The following excerpt, based in part on this week’s portion, is from “Godwrestling: Jacob and Esau,” the first chapter in Arthur Waskow‘s 1978 book, Godwrestling.*
I first learned of Fabrangen** through this book, recommended by Chuck Fager, a Quaker writer who thought Fabrangen had some things in common with unprogrammed Friends. More than a decade after joining Fabrangen in real life, I now find that Arthur’s words capture an aspect of my own experience: “My deepest learning was precisely the process of wrestling itself, not particular conclusions,” and, although I don’t generally write about Fabrangen — or Temple Micah or the Jewish Study Center, I do struggle with how and where to include fellow Godwrestlers in writing they might not necessarily endorse.***
I think this excerpt, and this weekly portion, offer a great reminder for each of us to take note of those who struggle with us to glimpse the “outlines of God’s Face”:
I was learning to grapple with Torah in the midst of a community of Jews….
The community of Jews was, is, called Fabrangen* — the Yiddish for “coming together.” In it people come together around the effort, the hope–sometimes bright, sometimes flickering–to create a modern path of life that draws authentically from Jewish tradition but is expressed in new ways… (pp. 2-3)
We have no rabbi and no rebbe….
From our many different life experiences, we wrestle with each other. And we wrestle with Torah and all of Jewish tradition…. (p.4)
By telling stories about Fabrangen I give Fabrangen a shape. Because the stories are my stories, the shape Fabrangen takes on is, of necessity, the shape I see…
Perhaps I could avoid this problem by simply writing down the result of the process….Leave Fabrangen to an honorable footnote. But that would be unfaithful to my sense that my deepest learning was precisely the process of wrestling itself, not particular conclusions.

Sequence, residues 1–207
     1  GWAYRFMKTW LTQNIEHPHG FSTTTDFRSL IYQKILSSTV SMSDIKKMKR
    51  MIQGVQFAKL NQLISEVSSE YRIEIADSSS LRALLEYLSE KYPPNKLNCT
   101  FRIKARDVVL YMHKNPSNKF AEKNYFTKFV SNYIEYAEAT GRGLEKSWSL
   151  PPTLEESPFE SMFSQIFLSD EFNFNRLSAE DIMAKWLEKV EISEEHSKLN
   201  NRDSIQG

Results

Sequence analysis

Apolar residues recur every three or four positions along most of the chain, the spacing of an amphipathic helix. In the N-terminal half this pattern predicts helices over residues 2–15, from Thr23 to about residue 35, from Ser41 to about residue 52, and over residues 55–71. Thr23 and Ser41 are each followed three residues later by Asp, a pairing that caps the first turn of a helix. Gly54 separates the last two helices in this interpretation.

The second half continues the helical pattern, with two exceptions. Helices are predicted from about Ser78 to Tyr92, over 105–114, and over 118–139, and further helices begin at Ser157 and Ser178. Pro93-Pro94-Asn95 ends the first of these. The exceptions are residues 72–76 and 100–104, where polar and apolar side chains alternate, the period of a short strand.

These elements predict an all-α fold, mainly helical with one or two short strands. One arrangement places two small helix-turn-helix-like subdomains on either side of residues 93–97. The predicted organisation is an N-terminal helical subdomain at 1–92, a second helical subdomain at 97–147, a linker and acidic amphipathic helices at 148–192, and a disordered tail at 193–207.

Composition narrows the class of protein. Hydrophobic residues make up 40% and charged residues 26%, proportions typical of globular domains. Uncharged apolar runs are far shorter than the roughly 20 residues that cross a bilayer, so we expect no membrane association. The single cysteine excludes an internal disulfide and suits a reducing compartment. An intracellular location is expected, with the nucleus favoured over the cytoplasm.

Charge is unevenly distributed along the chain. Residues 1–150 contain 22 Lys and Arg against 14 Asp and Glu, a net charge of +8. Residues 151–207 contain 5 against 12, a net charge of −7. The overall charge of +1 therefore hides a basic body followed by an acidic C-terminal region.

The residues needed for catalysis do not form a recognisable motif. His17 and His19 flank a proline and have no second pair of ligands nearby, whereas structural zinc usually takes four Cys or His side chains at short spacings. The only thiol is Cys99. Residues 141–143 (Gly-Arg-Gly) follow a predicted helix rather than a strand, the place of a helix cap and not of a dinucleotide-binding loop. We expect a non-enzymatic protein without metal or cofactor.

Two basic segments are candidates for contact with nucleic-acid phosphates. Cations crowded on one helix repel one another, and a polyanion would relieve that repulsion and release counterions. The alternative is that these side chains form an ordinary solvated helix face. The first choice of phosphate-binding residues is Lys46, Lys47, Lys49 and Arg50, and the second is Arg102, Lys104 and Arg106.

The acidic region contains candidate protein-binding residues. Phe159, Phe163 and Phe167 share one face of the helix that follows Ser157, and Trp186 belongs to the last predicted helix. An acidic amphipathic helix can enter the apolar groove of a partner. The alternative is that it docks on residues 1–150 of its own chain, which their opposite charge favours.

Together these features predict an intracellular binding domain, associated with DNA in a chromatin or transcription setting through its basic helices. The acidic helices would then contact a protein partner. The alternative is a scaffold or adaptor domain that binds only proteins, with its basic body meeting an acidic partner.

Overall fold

…for now this is one of the many struggles in which we are still straining our eyes in the dark before daybreak, straining to see —
…I welcome wrestling partners to this book. Together may we be able to begin to see the outlines of God’s Face. And of each other’s. (p.12)
— from Godwrestling, Arthur Waskow. NY: Schocken, 1978.
* I believe the 1978 version is out of print, although sometimes available through ABE. A later edition, God Wrestling-Round 2: Ancient Wisdom, Future Paths, was published in 1998.
** “Farbrangen” is a Yiddish word that means “coming together,” as for a meeting. “Fabrangen” — with no “r” — is the name of a Washington, DC, havurah founded in 1971 and focusing on “coming together in joy.” The name might have been a simple misspelling, the result of translating a Bostoner’s pronunciation, or an indication that Fabrangen has no rabbi.
** Now, footnotes — endangered species though they be — are actually among the most exciting spots in some reading material….Did you ever notice, for example, the footnote in Wittgenstein’s Philosophical Grammar that begins “Compare the joke”? (I’ve hit the jackpot and he wants to give me lessons) [hypernote]
Click on the “WeeklyTorah” tag for more resources on the weekly portion throughout the year, or on a portion name for parashah-specific notes. (The series began with Numbers; posts for Genesis, Exodus and Leviticus are being drafted, week-by-week.) You can also zero-in on particular types of “Opening the Book” posts by clicking Language and Translation, Something to Notice, a Path to Follow, or Great Source in the tag cloud.
The “Opening the Book” series is presented in cooperation with the independent, cross-community Jewish Study Center and with Kol Isha, an open group pursuing spirituality from a woman’s perspective at Temple Micah (Reform). “A Song Every Day” is an independent blog, however, and all views, mistakes, etc. are the author’s.